Surviving Beslan hostage-taker jailed for life

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The Independent Online

The only Beslan hostage-taker captured alive after the bloody school siege in 2004 will spend the rest of his life in prison after a trial that left crucial questions unanswered and victims feeling cheated.

Nur-Pashi Kulayev, one of at least 32 pro-Chechen gunmen who seized the school on 1 September 2004, was found guilty of terrorism, murder and banditry, by a court in Vladikavkaz, in southern Russia.

Technically the judge, Tamerlan Aguzarov, sentenced Kulayev to death, a punishment that many believe fits a crime in which 331 hostages died, 186 of them children. But Russia has had a moratorium on capital punishment since 1996, so Kulayev will escape a bullet to the back of the head, Moscow's preferred method of execution.

When the year-long trial finished, black-clad mothers who lost their children tried to attack Kulayev, banging their fists on his plastic bullet-proof cage. They had to be restrained, many of them shrieking in anger and sorrow.

Some mothers, like Rita Sidakova whose only daughter was burnt alive in the school as it was rocked by explosions, believe Kulayev deserves to die. "He is guilty of the deaths of hundreds of people but he has remained alive and my daughter is dead," she said.

Other mothers want him kept alive, however, in the forlorn hope that he might one day shed light on what really happened, something he has refused to do.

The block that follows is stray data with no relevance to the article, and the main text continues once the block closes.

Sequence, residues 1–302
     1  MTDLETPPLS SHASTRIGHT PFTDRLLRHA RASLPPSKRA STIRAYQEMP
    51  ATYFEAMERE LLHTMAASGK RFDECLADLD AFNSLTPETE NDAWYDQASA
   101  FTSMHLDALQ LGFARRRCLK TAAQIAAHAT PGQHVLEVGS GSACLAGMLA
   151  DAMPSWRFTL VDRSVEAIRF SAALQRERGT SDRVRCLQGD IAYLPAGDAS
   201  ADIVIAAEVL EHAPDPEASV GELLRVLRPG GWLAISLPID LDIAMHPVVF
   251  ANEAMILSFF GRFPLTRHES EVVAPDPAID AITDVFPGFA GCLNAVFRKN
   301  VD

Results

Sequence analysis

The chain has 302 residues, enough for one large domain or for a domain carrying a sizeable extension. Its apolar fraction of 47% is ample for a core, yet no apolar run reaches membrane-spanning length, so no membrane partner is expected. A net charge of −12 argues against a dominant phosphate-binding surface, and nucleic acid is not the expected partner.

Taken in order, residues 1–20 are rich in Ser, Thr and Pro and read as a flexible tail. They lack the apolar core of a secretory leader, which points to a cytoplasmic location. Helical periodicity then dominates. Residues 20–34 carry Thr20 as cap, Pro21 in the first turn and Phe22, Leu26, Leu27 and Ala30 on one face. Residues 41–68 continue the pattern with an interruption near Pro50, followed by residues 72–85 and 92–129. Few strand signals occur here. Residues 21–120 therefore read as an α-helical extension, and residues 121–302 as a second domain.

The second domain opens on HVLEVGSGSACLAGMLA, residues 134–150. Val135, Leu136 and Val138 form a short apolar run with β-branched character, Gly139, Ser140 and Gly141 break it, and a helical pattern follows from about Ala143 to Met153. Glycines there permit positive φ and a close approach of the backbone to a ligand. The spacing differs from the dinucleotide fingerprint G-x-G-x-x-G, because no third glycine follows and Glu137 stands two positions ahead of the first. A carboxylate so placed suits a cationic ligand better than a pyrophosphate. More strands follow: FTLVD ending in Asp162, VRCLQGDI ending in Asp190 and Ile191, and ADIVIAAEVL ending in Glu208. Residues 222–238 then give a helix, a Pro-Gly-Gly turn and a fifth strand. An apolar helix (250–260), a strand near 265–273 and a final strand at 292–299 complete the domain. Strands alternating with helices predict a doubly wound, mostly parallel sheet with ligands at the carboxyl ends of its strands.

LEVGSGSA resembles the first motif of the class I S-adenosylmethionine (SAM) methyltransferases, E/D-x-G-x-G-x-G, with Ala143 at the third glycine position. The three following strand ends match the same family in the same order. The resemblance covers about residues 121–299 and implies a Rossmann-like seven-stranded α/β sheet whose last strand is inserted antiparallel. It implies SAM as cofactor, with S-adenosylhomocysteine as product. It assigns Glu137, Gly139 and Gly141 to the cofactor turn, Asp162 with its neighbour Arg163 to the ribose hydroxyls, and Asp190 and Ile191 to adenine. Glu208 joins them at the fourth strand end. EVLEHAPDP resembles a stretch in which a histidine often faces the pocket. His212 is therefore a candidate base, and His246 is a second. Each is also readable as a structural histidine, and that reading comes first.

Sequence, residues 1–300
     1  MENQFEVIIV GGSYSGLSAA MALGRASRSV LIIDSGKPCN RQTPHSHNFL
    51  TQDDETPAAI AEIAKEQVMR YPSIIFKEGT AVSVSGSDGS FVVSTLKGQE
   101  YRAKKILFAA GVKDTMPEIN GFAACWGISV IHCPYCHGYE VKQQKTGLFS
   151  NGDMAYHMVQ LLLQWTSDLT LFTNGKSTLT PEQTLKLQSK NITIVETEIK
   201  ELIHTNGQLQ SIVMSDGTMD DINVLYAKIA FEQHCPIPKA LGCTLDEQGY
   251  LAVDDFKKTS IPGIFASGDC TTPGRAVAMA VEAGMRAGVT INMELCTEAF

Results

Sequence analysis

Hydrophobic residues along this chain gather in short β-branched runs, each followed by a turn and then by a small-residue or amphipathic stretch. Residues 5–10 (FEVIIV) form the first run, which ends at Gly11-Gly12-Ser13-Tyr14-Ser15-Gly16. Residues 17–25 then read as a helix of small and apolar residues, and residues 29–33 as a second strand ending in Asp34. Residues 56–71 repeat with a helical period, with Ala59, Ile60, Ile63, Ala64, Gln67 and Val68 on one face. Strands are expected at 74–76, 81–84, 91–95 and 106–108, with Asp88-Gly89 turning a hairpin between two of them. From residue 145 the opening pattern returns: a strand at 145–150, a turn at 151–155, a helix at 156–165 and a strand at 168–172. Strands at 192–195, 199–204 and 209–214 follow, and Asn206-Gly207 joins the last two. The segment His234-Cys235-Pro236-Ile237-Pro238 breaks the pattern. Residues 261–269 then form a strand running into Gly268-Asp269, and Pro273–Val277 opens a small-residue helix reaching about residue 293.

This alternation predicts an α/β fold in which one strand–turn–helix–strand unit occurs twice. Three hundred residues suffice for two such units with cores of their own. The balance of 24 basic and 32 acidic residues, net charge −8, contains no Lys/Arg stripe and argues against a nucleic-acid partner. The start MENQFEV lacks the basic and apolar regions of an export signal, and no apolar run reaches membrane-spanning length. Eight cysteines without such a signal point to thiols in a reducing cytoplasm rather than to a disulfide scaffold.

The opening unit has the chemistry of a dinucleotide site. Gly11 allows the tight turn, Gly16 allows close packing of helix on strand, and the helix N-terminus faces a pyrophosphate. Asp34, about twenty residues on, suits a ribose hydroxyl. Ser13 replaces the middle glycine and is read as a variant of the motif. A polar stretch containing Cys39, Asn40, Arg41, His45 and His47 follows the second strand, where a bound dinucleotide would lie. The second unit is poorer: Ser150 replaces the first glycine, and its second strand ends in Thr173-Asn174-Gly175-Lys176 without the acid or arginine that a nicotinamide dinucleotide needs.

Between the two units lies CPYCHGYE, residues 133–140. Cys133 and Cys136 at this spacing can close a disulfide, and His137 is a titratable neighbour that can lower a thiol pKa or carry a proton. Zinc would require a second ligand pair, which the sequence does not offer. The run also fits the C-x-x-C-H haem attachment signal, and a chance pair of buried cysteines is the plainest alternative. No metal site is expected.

Kulayev, 26, a Chechen carpenter who is married with two children, showed little emotion when the verdict was pronounced, merely claiming that the charges were "all invented tales". He had pleaded not guilty, arguing that he had not shot anyone, and that he thought the target was a sentry-post rather than a school.

The judge reached a different conclusion, saying Kulayev had detonated a bomb, that he had shot children and others as they tried to flee, and that he was partially responsible for the murder of 16 male hostages on the first day of the siege.

The Chechen was found cowering beneath a truck on 3 September, the day the siege was broken, and was prised from the clutches of a lynch mob. Whether he really is the only terrorist to survive the siege is debatable; most people in Beslan believe there were more than 32 hostage-takers but that many slipped away in the night before the siege was broken or in the chaos of the gun battle.

That theory gained fresh credence when one of the gunmen, a man nicknamed "Magas", surfaced on the internet to claim responsibility for the assassination of a government official in the region. Moscow had insisted he was dead.

Indeed a year and nine months after what is the worst terror atrocity in Russia's history, many questions remain unanswered and the official federal inquiry is not due to report until the end of this year. It is not known for sure, for example, what caused two explosions that triggered the final gun battle, or how the terrorists passed through so many checkpoints on their way to the school undetected.

Many bereaved mothers are also eager to ascertain whether their children were killed by the terrorists or by heavy-handed government troops trying to free them.

"I did not go to court to convince myself of Kulayev's guilt," said Aneta Gadiyeva, whose daughter died. "But to reconstruct all the circumstances of the terrorist attack and to find the truth. But I did not learn anything new."

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